This past summer, Barry and I spent a lovely windswept evening enjoying our grandchildren at a 4th of July Carnival. There were dazzling lights, happy sounds, deliciously greasy foods… and games. You know the games I’m talking about. The ones where kids never win the life-sized golden bear or pink unicorn, but they do get a little consolation prize. These consolation prizes come in all shapes and forms and usually end up in the back seat of the car until winter arrives… or, at least, until the parents find the nearest trash receptacle.
This year, though, one of those carnival consolation prizes not only escaped the back seat and the trash, but ended up a cherished token of love that I keep right next to my bed. The prize is a colorful little velvety flower attached to a pipe-cleaner type stem. My 9-year old granddaughter, Taylor, won that little flower by losing at one of the games. I don’t even remember which game she lost, but Taylor was delighted with her little prize and she held it close to her all evening long. While Taylor’s younger brother and boy cousins bounced their loser rubber balls and tossed their loser little stuffed animals high in the air (and at each other), Taylor held her consolation flower like it was a magic wand.
After we had had enough lights and sounds and rides and greasy food and games… and it was time to head out to all of our separate cars… Taylor said to me, “Grandma, I want you to have my flower.”
I looked at Taylor as she held her little prize, then I looked to her parents standing behind her, and I said, “Honey, you keep your flower. It is special to you.”
Taylor held out her hand to me, with her flower in it, and answered, “That’s why I want you to have it.” I looked again to her parents behind her. They were nodding… take it.
I took this special offering from Taylor’s hand and her beautiful heart and said, “I’ll wrap this flower around my bed post and it’ll be the first thing I see each morning. And I will think of you.”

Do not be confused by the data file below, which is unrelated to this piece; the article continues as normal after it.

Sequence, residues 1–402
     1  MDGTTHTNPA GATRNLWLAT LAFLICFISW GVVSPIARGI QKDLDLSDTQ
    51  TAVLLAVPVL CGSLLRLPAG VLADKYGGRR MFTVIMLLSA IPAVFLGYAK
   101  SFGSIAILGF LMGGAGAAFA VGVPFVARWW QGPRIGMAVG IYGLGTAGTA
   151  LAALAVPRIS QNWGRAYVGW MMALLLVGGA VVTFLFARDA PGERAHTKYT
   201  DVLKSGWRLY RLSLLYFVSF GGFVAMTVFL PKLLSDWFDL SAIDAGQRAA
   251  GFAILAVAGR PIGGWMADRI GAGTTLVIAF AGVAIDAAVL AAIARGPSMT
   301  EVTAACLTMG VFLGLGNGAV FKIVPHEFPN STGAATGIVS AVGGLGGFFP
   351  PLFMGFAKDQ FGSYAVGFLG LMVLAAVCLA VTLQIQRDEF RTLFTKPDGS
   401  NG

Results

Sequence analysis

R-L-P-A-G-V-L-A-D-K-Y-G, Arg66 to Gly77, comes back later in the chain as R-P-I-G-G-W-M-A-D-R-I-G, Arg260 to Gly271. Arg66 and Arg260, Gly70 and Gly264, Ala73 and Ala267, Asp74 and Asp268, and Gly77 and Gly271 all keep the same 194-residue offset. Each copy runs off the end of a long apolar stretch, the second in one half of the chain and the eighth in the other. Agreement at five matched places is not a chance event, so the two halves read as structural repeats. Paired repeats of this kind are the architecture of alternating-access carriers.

I did. And each morning, I wake up and smile at that little prize… that prize that transformed the meaning of the word loser into the word love.
This morning was no exception. I awoke to my lovely little flower and greeted it as the early morning breeze of the last day of September rippled my curtains. I may have been a bit more tired than usual… having driven home into the wee hours of the morning to Rhode Island from New York City where Barry, Audrey, Jane and I had attended the launch of the 2010 Estee Lauder Breast Cancer Awareness Campaign. (I think my eyes caught 1:45 am on my clock as I rolled into bed.) Feeling not-so-awake, I walked down the hallway to my bathroom. Hanging from the bathroom door (too tired to have put them anywhere else) were 2 black dresses… one I wore to yesterday’s event, and the other one the dress that Jane wore to the same event. I peeked around the corner to see Jane sound asleep in our guest bedroom. We had arrived home so late that she crashed at our home rather than drive another 30 minutes north. Good decision. My eyes then went from those 2 dresses to the virtual sea of black hanging in that little bathroom. There was my black wet suit hanging over the shower curtain. There were my black tri shorts and my black bike shorts… line drying. Yes. A sea of black things that tells a little story of my life.